Blaze Becomes Biggest Halloween Event in HV

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Sheep skeleton pumpkins at the Blaze at Van Cortlandt Manor.
Sheep skeleton pumpkins at the Blaze at Van Cortlandt Manor. Photo Credit: Jessica Glenza
Some of the carved pumpkins at the Blaze.
Some of the carved pumpkins at the Blaze. Photo Credit: Jessica Glenza
Pumpkins lined up
Pumpkins lined up Photo Credit: Jessica Glenza
Some of the large pumpkins used for carving at the Blaze.
Some of the large pumpkins used for carving at the Blaze. Photo Credit: Jessica Glenza
Boxes of pumpkins go off into the distance at the Blaze.
Boxes of pumpkins go off into the distance at the Blaze. Photo Credit: Jessica Glenza
Some of the large pumpkins used for carving at the Blaze.
Some of the large pumpkins used for carving at the Blaze. Photo Credit: Jessica Glenza
One of the staff members at Van Cortlandt Manor works on placing pumpkins around the grounds.
One of the staff members at Van Cortlandt Manor works on placing pumpkins around the grounds. Photo Credit: Jessica Glenza
Michael Natiello, creative director at Van Cortlandt Manor, and organizer of the Blaze.
Michael Natiello, creative director at Van Cortlandt Manor, and organizer of the Blaze. Photo Credit: Jessica Glenza

CROTON-ON-HUDSON, N.Y. – Every weekend in October, and some weeknights, thousands of people will swarm the Village of Croton to see the Blaze at Van Cortlandt Manor. Last year, nearly 80,000 people came to the village to see about 4,000 pumpkins lit up in the autumn evening.

“We knew that it would be popular,” said Michael Natiello, creative director for Historic Hudson Valley, the organization which manages several historic properties in the area “We didn’t know it would captivate.”

The Blaze started in 2005 with about 2,500 pumpkins, and “funkins,” artificial pumpkins, and has grown to over 4,000 pumpkins. The Blaze gradually adds more pumpkins at the event goes on. Their goal is to carve 1,500 pumpkins per week. Over the course of the event, about 1,000 different volunteers, from girl scouts to cheer squads, come in to scoop the guts out of real pumpkins, for the creative team to carve new creations into them.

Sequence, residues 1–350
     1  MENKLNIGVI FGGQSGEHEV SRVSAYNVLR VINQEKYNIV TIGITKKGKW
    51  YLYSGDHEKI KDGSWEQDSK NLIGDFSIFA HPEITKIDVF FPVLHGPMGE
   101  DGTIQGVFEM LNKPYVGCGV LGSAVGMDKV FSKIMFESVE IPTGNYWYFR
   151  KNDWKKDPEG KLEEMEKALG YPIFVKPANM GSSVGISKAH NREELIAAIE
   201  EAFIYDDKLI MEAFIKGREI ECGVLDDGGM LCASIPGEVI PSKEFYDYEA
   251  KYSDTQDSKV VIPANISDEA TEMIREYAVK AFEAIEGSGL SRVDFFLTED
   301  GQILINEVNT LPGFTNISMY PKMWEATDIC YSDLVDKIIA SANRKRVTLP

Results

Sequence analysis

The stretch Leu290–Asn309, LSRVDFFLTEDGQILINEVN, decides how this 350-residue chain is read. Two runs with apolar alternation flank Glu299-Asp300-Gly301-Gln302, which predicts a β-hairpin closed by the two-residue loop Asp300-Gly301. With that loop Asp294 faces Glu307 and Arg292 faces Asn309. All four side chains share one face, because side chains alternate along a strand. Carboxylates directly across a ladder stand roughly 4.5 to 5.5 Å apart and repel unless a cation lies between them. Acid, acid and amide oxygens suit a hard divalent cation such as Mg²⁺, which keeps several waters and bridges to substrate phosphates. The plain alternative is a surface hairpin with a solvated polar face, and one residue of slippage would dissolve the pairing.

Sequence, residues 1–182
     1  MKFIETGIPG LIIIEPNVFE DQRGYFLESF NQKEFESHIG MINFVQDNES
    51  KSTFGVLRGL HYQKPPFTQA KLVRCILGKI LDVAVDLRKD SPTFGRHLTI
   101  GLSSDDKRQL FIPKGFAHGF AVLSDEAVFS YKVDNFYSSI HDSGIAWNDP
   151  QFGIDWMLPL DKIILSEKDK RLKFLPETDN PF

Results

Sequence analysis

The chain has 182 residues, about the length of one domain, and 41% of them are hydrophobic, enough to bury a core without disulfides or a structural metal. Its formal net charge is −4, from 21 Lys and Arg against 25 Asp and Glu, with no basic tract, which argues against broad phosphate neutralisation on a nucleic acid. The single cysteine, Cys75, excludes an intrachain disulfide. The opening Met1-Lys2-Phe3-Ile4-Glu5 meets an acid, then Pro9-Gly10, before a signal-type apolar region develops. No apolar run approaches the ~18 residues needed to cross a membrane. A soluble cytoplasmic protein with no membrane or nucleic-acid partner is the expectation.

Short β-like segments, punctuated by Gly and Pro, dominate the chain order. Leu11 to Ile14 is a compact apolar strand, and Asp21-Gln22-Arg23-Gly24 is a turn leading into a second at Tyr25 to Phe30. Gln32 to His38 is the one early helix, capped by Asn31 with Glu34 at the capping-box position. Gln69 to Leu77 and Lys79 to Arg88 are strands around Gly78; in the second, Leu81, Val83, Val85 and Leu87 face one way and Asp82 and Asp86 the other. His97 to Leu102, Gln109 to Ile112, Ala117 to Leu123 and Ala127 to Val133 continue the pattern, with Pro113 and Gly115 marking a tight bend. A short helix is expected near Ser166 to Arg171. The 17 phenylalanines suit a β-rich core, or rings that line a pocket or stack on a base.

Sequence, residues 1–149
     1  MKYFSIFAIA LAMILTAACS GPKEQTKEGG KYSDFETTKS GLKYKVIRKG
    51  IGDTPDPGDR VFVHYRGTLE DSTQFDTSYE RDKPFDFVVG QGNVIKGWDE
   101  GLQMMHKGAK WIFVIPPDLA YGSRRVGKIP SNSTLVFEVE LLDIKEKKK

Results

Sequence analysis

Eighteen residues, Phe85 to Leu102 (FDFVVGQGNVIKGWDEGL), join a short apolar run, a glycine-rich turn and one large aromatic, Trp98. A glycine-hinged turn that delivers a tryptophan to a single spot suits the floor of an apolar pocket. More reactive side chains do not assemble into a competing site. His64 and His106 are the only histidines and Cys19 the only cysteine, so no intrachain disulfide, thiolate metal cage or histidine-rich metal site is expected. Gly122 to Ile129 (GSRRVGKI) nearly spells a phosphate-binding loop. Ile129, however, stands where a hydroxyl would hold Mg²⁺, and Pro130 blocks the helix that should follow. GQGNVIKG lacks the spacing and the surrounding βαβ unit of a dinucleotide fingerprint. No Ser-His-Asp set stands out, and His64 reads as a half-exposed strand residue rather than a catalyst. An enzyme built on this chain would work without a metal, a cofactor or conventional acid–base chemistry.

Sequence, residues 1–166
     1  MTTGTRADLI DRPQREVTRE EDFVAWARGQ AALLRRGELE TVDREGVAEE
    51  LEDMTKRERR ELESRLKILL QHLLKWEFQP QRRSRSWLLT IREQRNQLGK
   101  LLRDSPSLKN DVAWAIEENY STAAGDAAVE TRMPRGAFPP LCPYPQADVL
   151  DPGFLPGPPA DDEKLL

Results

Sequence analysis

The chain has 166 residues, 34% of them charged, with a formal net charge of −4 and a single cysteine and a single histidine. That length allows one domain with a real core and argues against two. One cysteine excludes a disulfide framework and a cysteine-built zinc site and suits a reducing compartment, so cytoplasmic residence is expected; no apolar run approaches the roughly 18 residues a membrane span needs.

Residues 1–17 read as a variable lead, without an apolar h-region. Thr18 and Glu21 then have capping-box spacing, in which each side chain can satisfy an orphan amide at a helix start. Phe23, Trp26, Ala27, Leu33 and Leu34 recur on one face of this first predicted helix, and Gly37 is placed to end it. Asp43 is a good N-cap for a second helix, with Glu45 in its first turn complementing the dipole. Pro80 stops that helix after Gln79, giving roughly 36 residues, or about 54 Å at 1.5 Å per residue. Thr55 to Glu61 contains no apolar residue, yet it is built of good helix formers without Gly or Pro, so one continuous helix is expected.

Irene destroyed much of the Hudson Valley’s pumpkin crops, since they are ground growing vegetables and are highly susceptible to flood damage, but the Blaze was able to obtain another source of pumpkins.

“We had to scramble a bit to locate additional sources for pumpkins,” said Rob Schweitzer, spokesman for Historic Hudson Valley.

Crops were badly damaged at their normal supplier, Wallkill View Farm in New Paltz, which lost nearly 90 percent of this year’s pumpkin crop.

Although full-size pumpkins, typically associated with carving, are not available for purchase at the Blaze, patrons can buy “funkins” carved by the Van Cortlandt Manor creative team.The team has pumpkins carved as everything from sheep skeletons to dinosaurs, and arranged them in spider web shapes, as the heads of witches and enormous stalks of corn.

All ages attend the Blaze, though certainly children are high on the list of attendees. Other autumn treats are available at the Blaze, such as popcorn and apple cider, and coffee and tea.

Patrons are required to buy their tickets in advance, and tickets are sold for specific time slots each night. The Blaze starts on October 1, and runs through November 6 this year. For more information see Historic Hudson Valley’s website.

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